Residuary Jurisdiction of the National Company Law Tribunal under Section 60(5) of the Insolvency and Bankruptcy Code, 2016: A Brief Analysis
Pursuant to Section 60(5) of the Insolvency and Bankruptcy Code, 2016 the National Company Law Tribunal is bestowed with wide jurisdiction to decide: (i) ‘any’ application or proceeding against a corporate debtor; (ii) ‘any’ claim made by or against a corporate debtor including claims by or against its subsidiaries; and (iii) ‘any’ questions of priority or ‘any’ question of law or facts, arising out of or in relation to insolvency resolution or liquidation proceedings of the corporate debtor. Are there any limits to such jurisdiction of the National Company Law Tribunal?
Case Note: Judgement of the Supreme Court in the Essar Steel Case
By a judgment dated November 15, 2019, the Supreme Court of India in the case of Committee of Creditors of Essar Steel India Limited v. Satish Kumar Gupta and Others delivered its final verdict on the acquisition of Essar Steel India Limited under the Insolvency and Bankruptcy Code, 2016. The proceedings under the IBC in relation to the acquisition of Essar Steel lasted for more than two years and laid down precedents on several questions arising out of the then newly introduced insolvency legislation in India. This paper is a comment on this judgment. It critically analyses the decision of the Supreme Court and the impact of the judgment on insolvency law in India.
Dewan Housing: Why insolvency resolution processes need a greater degree of certainty
In November 2019, Dewan Housing became the first non-banking financial company to be referred to the insolvency resolution process under Indian bankruptcy law. The process has seen four rounds of bids, of which the last two were driven by a bid submitted after the deadline. While one bidder withdrew from the process on grounds of unfair treatment, other bidders have protested against the late-stage non-compliant bid, which has further prolonged the insolvency resolution process and created a threat of litigation. While late-stage bids may be acceptable in exceptional circumstances, this cannot be allowed to become a regular feature of the insolvency resolution process. As described in more detail in this note, maximization of value of assets is not the sole objective of an insolvency resolution regime; such regime must also provide transparency and certainty, symmetry of information and a time-bound process to better preserve economic value.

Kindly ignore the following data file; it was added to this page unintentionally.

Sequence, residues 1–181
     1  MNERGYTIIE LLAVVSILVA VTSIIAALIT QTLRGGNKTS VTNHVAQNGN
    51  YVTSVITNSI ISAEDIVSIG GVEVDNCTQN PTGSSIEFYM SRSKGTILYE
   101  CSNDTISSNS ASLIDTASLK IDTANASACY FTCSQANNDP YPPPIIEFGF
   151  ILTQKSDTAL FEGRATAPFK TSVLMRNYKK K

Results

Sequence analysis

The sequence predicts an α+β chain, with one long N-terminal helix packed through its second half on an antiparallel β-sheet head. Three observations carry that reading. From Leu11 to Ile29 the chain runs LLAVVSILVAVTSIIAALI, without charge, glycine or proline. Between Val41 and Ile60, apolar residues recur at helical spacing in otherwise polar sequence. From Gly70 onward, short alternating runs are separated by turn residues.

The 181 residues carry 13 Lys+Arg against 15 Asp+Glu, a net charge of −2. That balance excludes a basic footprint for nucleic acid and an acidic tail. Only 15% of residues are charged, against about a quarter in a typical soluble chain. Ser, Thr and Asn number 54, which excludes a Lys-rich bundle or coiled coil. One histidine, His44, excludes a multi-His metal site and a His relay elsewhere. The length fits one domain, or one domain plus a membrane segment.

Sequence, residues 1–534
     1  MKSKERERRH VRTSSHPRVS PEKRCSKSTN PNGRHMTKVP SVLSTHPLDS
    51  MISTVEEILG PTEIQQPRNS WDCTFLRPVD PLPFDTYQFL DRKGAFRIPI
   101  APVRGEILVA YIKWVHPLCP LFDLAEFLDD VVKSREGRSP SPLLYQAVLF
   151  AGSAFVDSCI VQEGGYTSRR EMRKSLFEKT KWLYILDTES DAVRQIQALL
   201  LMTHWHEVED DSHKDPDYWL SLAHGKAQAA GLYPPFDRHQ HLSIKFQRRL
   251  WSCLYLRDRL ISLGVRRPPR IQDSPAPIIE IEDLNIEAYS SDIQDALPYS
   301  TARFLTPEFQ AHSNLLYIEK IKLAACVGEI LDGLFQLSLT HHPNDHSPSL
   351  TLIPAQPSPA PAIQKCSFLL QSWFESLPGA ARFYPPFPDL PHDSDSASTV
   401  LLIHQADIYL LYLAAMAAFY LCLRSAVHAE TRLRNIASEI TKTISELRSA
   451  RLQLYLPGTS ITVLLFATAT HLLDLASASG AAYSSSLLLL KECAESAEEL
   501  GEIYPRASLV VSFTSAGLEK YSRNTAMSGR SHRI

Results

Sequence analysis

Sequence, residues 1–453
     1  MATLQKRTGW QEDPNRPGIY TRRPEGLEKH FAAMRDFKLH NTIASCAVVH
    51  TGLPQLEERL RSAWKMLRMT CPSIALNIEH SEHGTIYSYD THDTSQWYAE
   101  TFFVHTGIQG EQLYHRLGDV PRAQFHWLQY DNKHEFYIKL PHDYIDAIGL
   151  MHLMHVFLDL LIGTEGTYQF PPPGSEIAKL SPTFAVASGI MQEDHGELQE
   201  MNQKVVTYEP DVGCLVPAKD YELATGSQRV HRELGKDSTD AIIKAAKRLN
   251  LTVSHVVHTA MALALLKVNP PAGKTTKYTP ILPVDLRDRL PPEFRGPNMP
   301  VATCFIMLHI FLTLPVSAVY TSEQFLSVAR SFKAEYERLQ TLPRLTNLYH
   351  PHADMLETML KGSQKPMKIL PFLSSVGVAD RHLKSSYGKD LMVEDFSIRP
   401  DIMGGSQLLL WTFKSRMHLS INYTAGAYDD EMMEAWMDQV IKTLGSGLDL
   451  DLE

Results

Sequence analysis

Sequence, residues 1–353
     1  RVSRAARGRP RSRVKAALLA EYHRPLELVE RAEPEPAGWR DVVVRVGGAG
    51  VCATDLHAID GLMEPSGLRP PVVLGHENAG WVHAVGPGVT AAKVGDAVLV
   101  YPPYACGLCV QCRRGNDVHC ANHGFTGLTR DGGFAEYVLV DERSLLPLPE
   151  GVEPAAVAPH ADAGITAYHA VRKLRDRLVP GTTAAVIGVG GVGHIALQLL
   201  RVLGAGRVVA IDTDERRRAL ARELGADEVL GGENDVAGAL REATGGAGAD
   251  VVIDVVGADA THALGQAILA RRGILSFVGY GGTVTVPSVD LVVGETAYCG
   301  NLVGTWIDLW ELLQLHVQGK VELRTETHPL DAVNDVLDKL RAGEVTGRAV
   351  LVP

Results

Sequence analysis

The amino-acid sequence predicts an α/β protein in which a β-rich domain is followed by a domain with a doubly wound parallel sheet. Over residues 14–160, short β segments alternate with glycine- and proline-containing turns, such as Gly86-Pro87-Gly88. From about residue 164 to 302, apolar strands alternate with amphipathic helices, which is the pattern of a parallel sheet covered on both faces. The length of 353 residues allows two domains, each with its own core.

Non-convertible Debentures: Entry Routes for Foreign Investors
Since January 2020, there have been more than 10 public issues of non-convertible debentures (NCDs) and over 1,600 private placements of corporate bonds in India. M&A transactions in India have also increasingly witnessed NCDs as a preferred instrument for funding, which may be attributable to the benefits that NCDs could provide to investors vis-à-vis equity instruments. Separate regulatory frameworks apply to acquisition of NCDs by registered foreign portfolio investors on the one hand and other foreign investors on the other hand. Further, Indian regulators have sought to encourage offshore debt funding, for example, by introducing the voluntary retention route for foreign portfolio investment in debt instruments. Accordingly, this note provides an overview of investment routes available to foreign investors in relation to NCDs.
Impact of COVID-19 on Proceedings under the Insolvency and Bankruptcy Code, 2016
This note, first published on the National Law School Business Law Review blog, discusses recent amendments to the [Indian] Insolvency and Bankruptcy Code, 2016 in light of the COVID-19 pandemic, which inter-alia temporarily prevent creditors from initiating insolvency proceedings against corporate debtors. While the proposed changes are a step in the right direction, the Government should also consider the impact of the pandemic on pending proceedings as well as alternative mechanisms to restructure debt and resolve defaults in a cost-effective manner to preserve value.